Topic: How To Invest

Stock to Sell: Split-shares are a risky way of buying stocks

Stock Investing

Every Monday we feature “A Stock to Sell” as our daily post. With every stock or investment we recommend as a sell, we give you a full explanation of why we advise against investing in it at this time.

Big Bank Big Oil Split Corp. is a split-share company with two types of stock: capital shares (symbol BBO on Toronto) and preferred shares (symbol BBO.PR.A on Toronto).

The company holds shares of the biggest six Canadian banks, plus 10 large Canadian oil and gas and pipeline companies.

Split-share companies typically issue two classes of shares. Usually the capital shares get all or most of the capital gains and losses, as well as variable dividend income, and the preferred shares get a fixed amount of dividend income.

In the case of Big Bank Big Oil Split, the capital shares receive a monthly dividend of $0.05 a share ($0.60 annually), which gives them a 6.4% yield. The monthly dividend has been as high at $0.09, most recently in 2010.

The dividend income the company gets from its portfolio isn’t enough to pay capital and preferred share dividends and management expenses of 1.22%, in addition to providing a return for the capital shares. To make up the difference, the company has to make a profit by trading its portfolio. It also aims to raise its returns by writing call options on the portfolio’s securities.

Buying stocks: Call options can erode capital gains

Selling call options generates a stream of income for the investor (and a stream of commissions for the brokerage firms involved). However, selling calls also tends to diminish any capital gains a portfolio might generate.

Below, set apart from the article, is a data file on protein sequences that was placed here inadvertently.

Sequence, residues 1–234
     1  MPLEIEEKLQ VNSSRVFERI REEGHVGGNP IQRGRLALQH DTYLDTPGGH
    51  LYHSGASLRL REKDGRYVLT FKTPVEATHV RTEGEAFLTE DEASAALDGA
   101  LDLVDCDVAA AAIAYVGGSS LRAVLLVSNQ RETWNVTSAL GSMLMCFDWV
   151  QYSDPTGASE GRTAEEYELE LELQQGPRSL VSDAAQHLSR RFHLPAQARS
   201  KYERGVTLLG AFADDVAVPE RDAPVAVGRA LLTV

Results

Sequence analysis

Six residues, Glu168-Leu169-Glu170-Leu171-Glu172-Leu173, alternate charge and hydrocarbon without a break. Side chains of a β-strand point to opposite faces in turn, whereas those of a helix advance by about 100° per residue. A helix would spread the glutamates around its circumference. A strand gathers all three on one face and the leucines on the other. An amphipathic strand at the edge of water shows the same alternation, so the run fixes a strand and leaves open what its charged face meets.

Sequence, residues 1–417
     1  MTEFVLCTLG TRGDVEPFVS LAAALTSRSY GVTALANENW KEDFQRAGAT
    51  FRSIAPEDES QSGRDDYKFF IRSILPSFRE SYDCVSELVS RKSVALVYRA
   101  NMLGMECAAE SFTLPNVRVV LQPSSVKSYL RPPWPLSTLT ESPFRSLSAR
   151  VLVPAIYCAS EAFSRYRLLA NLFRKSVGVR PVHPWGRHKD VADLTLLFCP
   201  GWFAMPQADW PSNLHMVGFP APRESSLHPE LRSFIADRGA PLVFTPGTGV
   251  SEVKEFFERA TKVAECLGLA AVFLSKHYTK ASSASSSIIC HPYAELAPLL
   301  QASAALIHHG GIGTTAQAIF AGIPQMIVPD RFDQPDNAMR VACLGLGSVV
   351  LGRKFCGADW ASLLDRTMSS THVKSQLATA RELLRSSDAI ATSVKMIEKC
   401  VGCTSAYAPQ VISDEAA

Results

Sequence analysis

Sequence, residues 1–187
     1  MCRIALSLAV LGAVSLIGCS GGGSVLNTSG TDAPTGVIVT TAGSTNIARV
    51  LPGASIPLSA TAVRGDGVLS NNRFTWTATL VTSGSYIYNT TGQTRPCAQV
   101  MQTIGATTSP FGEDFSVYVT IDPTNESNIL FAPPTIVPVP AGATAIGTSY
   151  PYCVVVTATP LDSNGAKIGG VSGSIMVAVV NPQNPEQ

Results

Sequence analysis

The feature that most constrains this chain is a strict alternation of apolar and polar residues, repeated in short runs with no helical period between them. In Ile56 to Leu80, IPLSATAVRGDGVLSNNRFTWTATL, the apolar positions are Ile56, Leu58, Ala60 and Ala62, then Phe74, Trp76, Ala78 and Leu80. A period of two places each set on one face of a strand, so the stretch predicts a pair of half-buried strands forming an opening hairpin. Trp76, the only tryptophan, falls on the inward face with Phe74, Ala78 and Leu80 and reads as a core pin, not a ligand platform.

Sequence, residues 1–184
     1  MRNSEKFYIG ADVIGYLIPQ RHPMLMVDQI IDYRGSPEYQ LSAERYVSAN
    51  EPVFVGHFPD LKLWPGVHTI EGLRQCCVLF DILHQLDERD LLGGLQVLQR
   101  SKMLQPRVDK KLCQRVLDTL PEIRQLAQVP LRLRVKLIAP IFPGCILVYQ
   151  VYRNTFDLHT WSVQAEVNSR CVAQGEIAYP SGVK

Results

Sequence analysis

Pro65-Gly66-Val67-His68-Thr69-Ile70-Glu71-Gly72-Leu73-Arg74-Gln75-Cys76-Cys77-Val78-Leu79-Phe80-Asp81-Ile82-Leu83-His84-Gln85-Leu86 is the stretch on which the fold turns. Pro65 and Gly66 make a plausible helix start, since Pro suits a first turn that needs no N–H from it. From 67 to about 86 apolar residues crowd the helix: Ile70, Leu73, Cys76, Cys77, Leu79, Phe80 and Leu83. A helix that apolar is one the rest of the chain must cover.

When stocks the company owns go up, holders of the call options it has sold will exercise those options and buy the stock from it at the price fixed by the option’s terms. Meanwhile, the company will want to hold on to its losers—stocks it owns that are going down—to offset its obligations under the call options it has sold.

We see most of the stocks Big Bank Big Oil Split owns (including the big-five banks, Pembina Pipeline, Enbridge, TransCanada, Imperial Oil, Crescent Point Energy, Suncor, Cenovus and Encana) as buys.

However, you are better off purchasing them directly. While dabbling in options can generate income, in our opinion it is virtually certain to eventually lead to a lower rate of return, if not outright losses.

TSI Network recommendation: SELL both capital and preferred shares.  

Comments

  • Robert H.

    You are absolutely right on about split shares, esp those with a covered call provision. The only way they work is if all stocks stay within a range that is profitable to even sell the calls. For low volatility Cdn stocks, esp banks, there is no premium worth taking the chance for unless the seller tightens up the strike price or sells a long way out. In either case, something bad ALWAYS happens and whatever advantage you may have received, gets eaten by the market slapping the trader upside the head, or in fees.

    My sense is that Split shares are just another con on making something interesting out of something common with benefit going to the Split manager. Run, dont walk away from these things. They already tell you what they are going to invest in, so if you like it, buy them directly as Pat suggests. If not, then you dont want to own. These ciphers arent any smarter than the rest of us, and are just trying to create a regular stream of income for the holder. Its a fallacy in that its even predictable.

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